Ask MDC

Got a Question for Ask MDC?

Send it to AskMDC@mdc.mo.gov or call 573-522-4115, ext. 3848.

Q: What is the best time of year to raise a purple martin house?

A. You can expect purple martins to arrive in Missouri the third week of March, so now is a great time to invest in a purple martin house. Though originally cavity nesters, martins now rely almost entirely on the nest boxes provided by humans.

If the weather is mild, an adult pair will begin building a nest within days of selecting a compartment. The flat nest is constructed of soft, spongy plants and grasses. They sometimes add mud to the front entrance, and they exhibit a unique bird behavior by adding green leaves to the nest bowl, particularly when egg laying begins. The young fly from the nest when they are about a month old.

For more information, visit short.mdc.mo.gov/ZGE.

Q: I hear people say that because of a colder-than normal winter, we may have fewer problems with insect pests this summer. Is there any truth to this?

A. A cold winter is unlikely to set back pest populations the following summer. Many insect species are well-adapted to Missouri’s winter weather. Some hide in sheltered places like under tree bark or buried in the soil, while others invite themselves into warmer spots like attics and crawlspaces. Some overwinter as eggs while others produce chemicals in their bodies that keep them from freezing. Whatever their method, most insects are well-equipped to tolerate temperatures lower than we ever experience in Missouri.

While extremely cold winter temperatures may not reduce insect pest populations, long spells of abnormally warm winter weather can decrease some species’ numbers. Insects transition to an overwintering stage when we have a slow progression from warm fall days into colder nights and eventually cold winter temperatures. If a string of several warm winter days and mild nights occurs, some insects may be prematurely coaxed out of dormancy, losing some of their cold tolerance. When struck by a sudden temperature drop well below freezing, many of these insects won’t survive. Fortunately for the bugs, a few warm winter afternoons in a row won’t be enough to wake them up, so this isn’t a common occurrence.

Q: I found many of these empty shells in the Meramec River. Can you help me identify them?

A. This is a threeridge mussel (Amblema plicata), one of Missouri’s common mussel species. They tend to have moderately thick, solid shells with at least three — but often more — concentric ridges. The inner shell layer, or nacre, is white, mottled, or sometimes iridescent blue at the posterior end.

Threeridge mussels can be found in rivers and lakes partly buried in a firm mixture of cobble, gravel, sand, and silt. Mussels prefer flowing water, and they survive in stream areas that are deep enough to be submerged even during drought.

Living mussels are secretive and seldom seen, but they provide vital functions in aquatic ecosystems. They are an important source of food for a variety of animals, including fish and small mammals. They filter algae, bacteria, and other particles from the water, improving water quality and cycling nutrients and energy in streams and lakes. Because many mussel species are sensitive to habitat disruption and pollution, they are good indicators of the overall health of aquatic ecosystems and water quality.

To receive a free copy of A Guide to Missouri’s Freshwater Mussels, call 573-522-0108 or email pubstaff@ mdc.mo.gov.

What Is it?

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Eastern Spiny Softshell

Eastern spiny softshells (Apalone spinifera spinifera) lack hard shells, but they defend themselves with strong jaws and sharp claws. They also are swift swimmers. Their upper shells have small bumps along the front ridge. Their shell color indicates age and sex. Males and young turtles have an olive or grayish tan upper shell with small black dots. Adult females have a dark olive or tan upper shell with brown and gray blotches.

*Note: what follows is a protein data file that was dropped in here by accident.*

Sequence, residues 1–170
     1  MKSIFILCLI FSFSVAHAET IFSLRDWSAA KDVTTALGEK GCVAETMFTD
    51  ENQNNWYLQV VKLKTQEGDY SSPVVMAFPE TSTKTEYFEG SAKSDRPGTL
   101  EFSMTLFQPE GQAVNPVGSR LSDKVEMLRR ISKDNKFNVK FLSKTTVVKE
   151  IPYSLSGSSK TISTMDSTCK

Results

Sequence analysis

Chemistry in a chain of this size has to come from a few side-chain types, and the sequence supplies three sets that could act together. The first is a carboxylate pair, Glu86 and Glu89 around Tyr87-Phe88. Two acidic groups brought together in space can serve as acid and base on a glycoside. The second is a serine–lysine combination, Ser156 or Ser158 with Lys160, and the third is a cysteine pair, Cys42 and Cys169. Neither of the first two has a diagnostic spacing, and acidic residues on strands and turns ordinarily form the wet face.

Agent Advice

Andy Bullock, Henry County Conservation Agent

There’s no better way to kick off spring than with a fishing trip. Before you head out to wet your line, all anglers should remember to keep their catch separate and identifiable. Every angler must adhere to a length and daily limit. Those limits vary depending on location and species. Refer to the Wildlife Code of Missouri for more information. Each angler is required to keep his or her catch separated from fellow anglers and be able to identify his or her fish. If there is just one live well in a vessel, use various colored stringers or a separate basket or bucket to store fish. It’s always a good day to fish in Missouri. Taking these simple steps will make it even better!

We are Conservation

By Cliff White

Spotlight on people and partners: Paul and Kathy Breitenstein

Paul, a retired captain of the Cape Girardeau Fire Department, and Kathy, a school nurse, work to improve their Bollinger County property. They use timber stand improvement methods in their forest, and they plant native warm-season grasses and wildflowers and use prescribed fire to enhance their woodlands and grasslands. They also control invasive species.

They go the extra mile

“They hold habitat workshops to showcase practices and share their experience using federal and state costshare programs,” said Quail Forever Farm Bill Biologist Wes Buchheit. “The Breitensteins are eager to share their experiences, knowledge, and love of nature with other landowners,” said MDC Priority Habitat Coordinator Roger Frazier.

In their own words

“Once I realized what a magnet the natives were for wildlife,” said Kathy, “I readily began replacing some of my nonnatives!” Paul agreed. “We get so excited because it’s always changing. We enjoy walking the fields and seeing what’s new.”

What’s your conservation superpower?

Also in this issue

Man in his backyard

Nature In My Backyard

Misadventures in landscaping for wildlife.

Coyote

Coyotes Going Metro

Once associated with the countryside, these cunning canines are finding new digs downtown.

And More...

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This Issue's Staff:

Editor - Angie Daly Morfeld

Associate Editor - Larry Archer

Staff Writer - Bonnie Chasteen
Staff Writer - Heather Feeler
Staff Writer - Kristie Hilgedick
Staff Writer - Joe Jerek

Creative Director - Stephanie Thurber

Art Director - Cliff White

Designer - Les Fortenberry
Designer - Marci Porter

Photographer - Noppadol Paothong
Photographer - David Stonner

Circulation - Laura Scheuler